russ_watters said:
lim 1/(1-x) = 1
x-> infinity (sorry - hate latex)
Don't you mean zero?

sameandnot said:
do you know that "there are twice as many numbers as numbers"?

Word play.

---

I think the so called Weisserstras Rigorous Epsilon-Delta formulation of limits is every bit as artificial as the naive concept. Simply one level of abstraction high enough to delude one's self into acceptance.
---
nate808, on the ruler you would have the point. The best explanation I can think of is that 0.9... is 1 because we are clever enough to jump out of the system or loop of repetetive non stop addition to see what is actually going on with adroit manipulation of intrinsics.

I hope I didnt make too many mistakes. For the hyperreals , 0.9... <> 1. First I clarify and set up. If A is an *R statement then R --> *R (if true in R then R* for A and *R statement) , the converse, *R --> R is false. Thus simply stating that something is true in R makes it always true in *R is not enough. There is only a gurantee that if A is a properly defined statement then there will be a behaviour in *R that "functions" as expected. But it need not be the only one. An internal statement in *R is not necessarily true in all subsets of *R, especially depending on your language strength. Also, *N is an internal subset of *R but not N. For example, x + y = 3 is only true in *R when we have (x,y) = (1-e, 2 + e) otherwise, x + y <> 3 even though st(x + y)=3. The behaviour of infinitesimals and finites hint that there exists gaps in any cuts we make in *R (if we began with sets containing only finite hyperreals for example).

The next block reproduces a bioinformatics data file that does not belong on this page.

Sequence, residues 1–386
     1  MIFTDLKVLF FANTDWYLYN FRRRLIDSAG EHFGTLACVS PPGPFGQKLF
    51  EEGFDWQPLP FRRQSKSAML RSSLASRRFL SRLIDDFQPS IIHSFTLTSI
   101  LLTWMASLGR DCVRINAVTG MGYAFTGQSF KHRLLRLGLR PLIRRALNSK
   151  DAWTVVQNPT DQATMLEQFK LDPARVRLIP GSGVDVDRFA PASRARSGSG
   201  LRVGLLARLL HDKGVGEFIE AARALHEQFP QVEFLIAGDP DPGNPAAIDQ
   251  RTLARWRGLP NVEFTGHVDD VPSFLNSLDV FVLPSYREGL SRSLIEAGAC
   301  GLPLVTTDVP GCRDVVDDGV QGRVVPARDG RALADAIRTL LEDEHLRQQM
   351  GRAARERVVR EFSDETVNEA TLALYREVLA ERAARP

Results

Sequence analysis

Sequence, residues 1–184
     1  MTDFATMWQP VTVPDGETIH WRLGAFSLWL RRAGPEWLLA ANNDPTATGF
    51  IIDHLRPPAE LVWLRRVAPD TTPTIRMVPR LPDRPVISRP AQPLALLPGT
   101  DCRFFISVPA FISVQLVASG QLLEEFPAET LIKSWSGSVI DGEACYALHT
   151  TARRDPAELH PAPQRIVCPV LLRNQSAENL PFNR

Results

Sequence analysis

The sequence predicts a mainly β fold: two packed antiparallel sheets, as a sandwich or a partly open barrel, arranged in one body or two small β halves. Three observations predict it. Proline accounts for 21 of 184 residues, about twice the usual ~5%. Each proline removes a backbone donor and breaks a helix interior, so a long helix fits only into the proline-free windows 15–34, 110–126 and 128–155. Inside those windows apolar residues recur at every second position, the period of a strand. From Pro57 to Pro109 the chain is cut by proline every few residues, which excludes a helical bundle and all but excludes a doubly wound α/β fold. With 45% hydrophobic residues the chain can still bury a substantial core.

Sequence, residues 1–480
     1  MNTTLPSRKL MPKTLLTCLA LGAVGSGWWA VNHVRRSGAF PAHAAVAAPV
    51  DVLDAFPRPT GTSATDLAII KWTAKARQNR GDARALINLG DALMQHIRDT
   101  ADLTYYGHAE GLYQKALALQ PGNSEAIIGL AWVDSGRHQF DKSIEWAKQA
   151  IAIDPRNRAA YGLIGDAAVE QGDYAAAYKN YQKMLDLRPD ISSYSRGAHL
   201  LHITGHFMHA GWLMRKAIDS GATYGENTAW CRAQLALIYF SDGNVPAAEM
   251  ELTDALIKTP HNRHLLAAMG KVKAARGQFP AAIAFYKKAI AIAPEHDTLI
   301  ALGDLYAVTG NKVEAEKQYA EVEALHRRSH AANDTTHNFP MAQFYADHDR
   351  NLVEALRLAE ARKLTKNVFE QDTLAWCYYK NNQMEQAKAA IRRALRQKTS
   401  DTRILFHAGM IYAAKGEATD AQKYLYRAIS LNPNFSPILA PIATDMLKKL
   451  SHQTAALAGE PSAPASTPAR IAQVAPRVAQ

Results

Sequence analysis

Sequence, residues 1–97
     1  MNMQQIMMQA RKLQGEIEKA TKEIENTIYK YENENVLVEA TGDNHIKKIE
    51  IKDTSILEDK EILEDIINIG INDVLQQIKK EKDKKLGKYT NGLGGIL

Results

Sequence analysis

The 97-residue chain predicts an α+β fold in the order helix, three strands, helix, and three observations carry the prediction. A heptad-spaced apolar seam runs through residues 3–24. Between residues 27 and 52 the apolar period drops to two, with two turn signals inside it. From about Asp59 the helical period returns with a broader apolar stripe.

Note though, that A an R statement --> R <--> *R. But then *R is not Dedekind Complete, it is not possible to define cuts such that there will always be a number in a gap. It not possible to extend the completeness axiom over to *R. The proof for 0.999... = 1 depedends on an ability to define cuts at its heart and Dedekind completeness. I will not go into that but will argue intuitively.

There exists a hyperreal number e that is infinitely near to any finite number r. I use ~= to mean infinitely approximately (infiniproixmitely) close to. Since there exists e infinitely near to all r then there exists r ~= r - e ~= r + e. The real, r = st(r), the standard part of the hypernumber r. Suppose we have two finite hyperreals r ~= 0.99...9 and s ~=1 then you cannot prove that it converges or whatever because there exists hyperreals r,s,t members of some set S where r < t < s with t not in the interval. Which is undefineable anyway. There is no intreval between the two numbers since such a thing is undefined. You can still however, use hyperreals to study convergance and limits and all that lovely stuff since we would actually be operating on reals but using hyperreals in place of infinities, infinitesimals and stuff. Just as rigorous but much more efficient than epsilon-delta. limits.

st(0.9...) = st(s) = 1 ~= 1 - e < 1+e ~= 1 ~= 1 + e.

This hyperreals vs limits remind me of the old fight between quaternions and vectors and grassman's algebras. limits map to quaternions and hypers to Grassman.

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matt grime
Homework Helper
No idea what that proves. I know what you think it proves, but I'm afraid that 1/n still tends to zero in the hyperreals. Indeed the transfer principle you cite proves it. Arguing intuitively doesn't prove a single thing.

You do not construct hyper reals by taking limits of 'decimals' or real numbers, 0.9... still represents a real number, the limit of the partial sums, that limit is taken in the subset of the reals since the limits are purely objects lying in the reals, hence they are still equal in any *extension* of R.

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russ_watters
Mentor
Mindscrape said:
Don't you mean zero?
Dang, me too.... Fixed now, thanks.

matt grime said: